This article was last updated on October 3, 2020.

What you don’t know can hurt you.

Did you know? The average organization loses five percent of its revenue annually to fraud—for a median loss of USD $130,000 per case[1], according to the Association of Certified Fraud Examiners. Beyond taking a toll on your company’s bottom line, this can damage your culture, reputation and even your ability to keep operating.

Raising the level of fraud awareness within your organization can help you identify potential risky behaviour down the road and safeguard your profits. At Grant Thornton, we work alongside Canadian businesses of all sizes, and across all industries, to help them identify—and mitigate—the risk of fraud.

In this article, we outline what you need to know about both external and internal fraud and offer practical takeaways to help protect your business. You can reach out to our advisors at Grant Thornton to help ensure you're on the right track as you implement these steps.

What you need to know about external fraud

There are various types of fraud you may or may not have heard about, including cyber fraud, ransomware, data theft, banking malware and business email compromise, which we outline here.

Cyber fraud

According to the Canadian Anti-Fraud Centre (CAFC), cyber fraud is considered “any false, deceptive, misleading or fraudulent act that potential victims may come across while using the internet.”[1]

Ransomware

Also known as “cyber extortion,” ransomware penetrates a company’s computer systems and encrypts a company’s data. The fraudsters then demand a ransom from the affected company in exchange for access to its computer systems. Sometimes, the criminals will threaten to release the data to the public if the company fails to comply.

Data theft

Beyond stealing actual cash, fraudsters also target your data. This data can include:

  • financial information they can use to commit secondary fraud;
  • proprietary data they can sell to a competitor; or
  • personal confidential information (e.g. health records, social insurance numbers of your customers or employees, financial accounts, passwords) which they can sell on the dark web to identity thieves.

Banking malware

This type of fraud occurs when sophisticated cyber criminals target your bank’s online banking facilities— essentially hijacking the connection between an online banking user and the bank. After logging into your banking portal, you’ll come across a page that looks like your bank’s website when, in fact, it’s a replica being managed by criminals on the back end—allowing them to steal your passwords and information.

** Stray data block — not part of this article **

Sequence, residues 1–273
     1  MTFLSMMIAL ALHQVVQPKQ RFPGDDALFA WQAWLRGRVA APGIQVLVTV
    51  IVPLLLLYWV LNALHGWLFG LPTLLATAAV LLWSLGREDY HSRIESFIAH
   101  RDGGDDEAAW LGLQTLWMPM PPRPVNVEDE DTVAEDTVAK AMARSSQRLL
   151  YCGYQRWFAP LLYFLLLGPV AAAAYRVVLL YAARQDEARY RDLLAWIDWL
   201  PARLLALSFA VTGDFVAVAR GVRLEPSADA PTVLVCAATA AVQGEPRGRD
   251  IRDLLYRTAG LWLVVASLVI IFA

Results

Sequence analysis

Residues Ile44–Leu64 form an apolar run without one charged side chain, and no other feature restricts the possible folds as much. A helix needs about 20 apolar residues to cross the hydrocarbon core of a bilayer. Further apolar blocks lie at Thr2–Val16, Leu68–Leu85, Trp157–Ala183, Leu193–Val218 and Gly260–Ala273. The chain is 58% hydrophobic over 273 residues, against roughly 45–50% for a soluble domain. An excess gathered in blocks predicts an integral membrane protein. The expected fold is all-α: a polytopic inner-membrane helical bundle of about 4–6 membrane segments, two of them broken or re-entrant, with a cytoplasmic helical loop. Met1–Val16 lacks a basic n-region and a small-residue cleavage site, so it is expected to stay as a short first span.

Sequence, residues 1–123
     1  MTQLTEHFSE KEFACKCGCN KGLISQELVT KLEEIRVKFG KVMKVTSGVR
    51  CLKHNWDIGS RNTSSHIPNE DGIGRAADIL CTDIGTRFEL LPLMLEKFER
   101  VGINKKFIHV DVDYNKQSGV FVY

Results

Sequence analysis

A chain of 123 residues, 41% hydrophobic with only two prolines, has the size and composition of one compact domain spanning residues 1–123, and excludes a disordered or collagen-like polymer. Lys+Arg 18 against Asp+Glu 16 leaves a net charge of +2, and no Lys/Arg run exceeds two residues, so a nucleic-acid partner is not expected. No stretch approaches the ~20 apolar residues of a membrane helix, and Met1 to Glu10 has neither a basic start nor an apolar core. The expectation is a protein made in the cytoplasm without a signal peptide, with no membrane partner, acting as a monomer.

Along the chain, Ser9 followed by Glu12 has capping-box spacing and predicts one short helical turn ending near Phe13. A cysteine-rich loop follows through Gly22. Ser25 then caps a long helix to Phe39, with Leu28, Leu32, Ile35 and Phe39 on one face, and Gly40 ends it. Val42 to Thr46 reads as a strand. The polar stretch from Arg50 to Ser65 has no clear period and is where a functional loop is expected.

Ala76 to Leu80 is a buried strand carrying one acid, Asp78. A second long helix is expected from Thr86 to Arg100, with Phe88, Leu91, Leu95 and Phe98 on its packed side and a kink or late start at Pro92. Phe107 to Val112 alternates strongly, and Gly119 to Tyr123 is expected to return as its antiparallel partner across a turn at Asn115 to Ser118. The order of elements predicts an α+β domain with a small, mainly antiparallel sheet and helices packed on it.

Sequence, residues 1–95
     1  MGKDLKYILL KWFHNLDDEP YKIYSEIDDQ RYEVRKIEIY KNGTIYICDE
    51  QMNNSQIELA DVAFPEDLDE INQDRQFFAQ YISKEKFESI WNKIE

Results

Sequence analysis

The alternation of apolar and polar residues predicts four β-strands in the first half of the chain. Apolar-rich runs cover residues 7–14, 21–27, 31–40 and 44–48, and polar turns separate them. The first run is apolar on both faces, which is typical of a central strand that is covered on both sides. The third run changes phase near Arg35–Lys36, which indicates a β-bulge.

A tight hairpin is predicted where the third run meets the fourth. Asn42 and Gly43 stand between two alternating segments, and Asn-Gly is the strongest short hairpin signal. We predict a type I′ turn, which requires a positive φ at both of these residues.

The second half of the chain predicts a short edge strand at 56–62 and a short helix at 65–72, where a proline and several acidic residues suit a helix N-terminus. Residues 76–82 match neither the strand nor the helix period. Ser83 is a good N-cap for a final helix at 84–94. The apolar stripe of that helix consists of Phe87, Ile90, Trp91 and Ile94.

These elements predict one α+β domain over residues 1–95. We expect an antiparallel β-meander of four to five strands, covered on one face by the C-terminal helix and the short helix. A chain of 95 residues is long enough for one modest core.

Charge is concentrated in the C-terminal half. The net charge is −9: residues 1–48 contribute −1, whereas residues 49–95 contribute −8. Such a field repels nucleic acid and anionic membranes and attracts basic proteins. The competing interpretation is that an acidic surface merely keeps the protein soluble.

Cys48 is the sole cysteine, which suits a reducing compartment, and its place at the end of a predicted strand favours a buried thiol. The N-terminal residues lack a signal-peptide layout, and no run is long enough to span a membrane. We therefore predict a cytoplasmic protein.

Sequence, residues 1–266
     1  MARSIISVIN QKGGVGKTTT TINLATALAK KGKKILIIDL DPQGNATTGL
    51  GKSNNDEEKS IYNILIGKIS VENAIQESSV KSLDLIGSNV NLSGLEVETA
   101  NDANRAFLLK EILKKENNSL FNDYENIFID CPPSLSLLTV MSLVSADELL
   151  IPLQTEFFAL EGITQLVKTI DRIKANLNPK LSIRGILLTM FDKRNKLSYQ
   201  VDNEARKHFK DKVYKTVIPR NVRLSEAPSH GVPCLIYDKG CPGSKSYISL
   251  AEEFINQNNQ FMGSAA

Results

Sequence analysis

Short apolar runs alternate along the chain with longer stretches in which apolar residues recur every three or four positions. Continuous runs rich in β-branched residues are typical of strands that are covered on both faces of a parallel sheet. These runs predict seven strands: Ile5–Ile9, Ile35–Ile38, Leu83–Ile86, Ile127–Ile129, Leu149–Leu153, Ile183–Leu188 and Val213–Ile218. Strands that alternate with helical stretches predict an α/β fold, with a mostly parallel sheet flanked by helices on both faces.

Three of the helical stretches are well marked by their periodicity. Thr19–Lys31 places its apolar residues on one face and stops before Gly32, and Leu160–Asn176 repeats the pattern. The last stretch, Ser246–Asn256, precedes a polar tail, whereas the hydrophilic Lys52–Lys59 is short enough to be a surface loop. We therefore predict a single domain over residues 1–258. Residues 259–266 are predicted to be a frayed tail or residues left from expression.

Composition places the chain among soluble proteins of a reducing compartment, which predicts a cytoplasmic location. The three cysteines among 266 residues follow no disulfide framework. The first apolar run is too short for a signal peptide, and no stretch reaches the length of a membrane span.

Three ways to protect your company from external/cyber fraud

Install and maintain a robust, commercially-available anti-virus, anti-malware software program.

While it won't cover everything, ,it should catch at least a reasonable number of threats.

Password protect everything.

Your servers, VPNs, email accounts, routers - virtually everything connected to the internet - should be protected with a secure password, not the default password which came with the product when purchased.

Boost staff and management awareness.

All of your staff should learn how to identify common forms of cyber fraud and protect the personal information they share on social media.

 

Business email compromise (BEC)

Also known as CEO or CFO email scams, this type of fraud usually targets senior employees of a company. The FBI reports that BEC scams cost companies more than $1 billion in losses in 2016.[1] Hiding behind a fake—but very real looking—email, thieves request an urgent wire payment from the user. More recently, they have even begun claiming that a known supplier has changed its banking information—and then inserting their own account details instead. When the next payment is sent, it goes to the thieves rather than the supplier.



What you need to know about internal fraud

Internal or occupational fraud is fraud committed from within an organization’s walls and can be divided into three primary categories: asset misappropriations, corruption and financial statement fraud.

Asset misappropriation

Asset misappropriation accounts for 89 percent of internal fraud that’s been reported,[2] and occurs when individuals responsible for managing valuable business assets choose to steal them. In this instance, “assets” refers to either cash or inventory. Cash misappropriation typically includes an employee or manager stealing cash-on-hand or cash receipts that never make it to internal documentation, but can also include more schemes.

For example, someone could create a ghost employee, add them to the payroll and pocket the new employee’s salary. Or, similarly, a manager could add a phantom vendor into the system and collect tens of thousands of dollars if the company pays the vendor without confirming its existence or having payment processing controls. Inventory misappropriation could include someone in the shipping and receiving department failing to scan an item as it comes in—and opting to steal it instead. In many cases, the company may just assume it was lost in transit.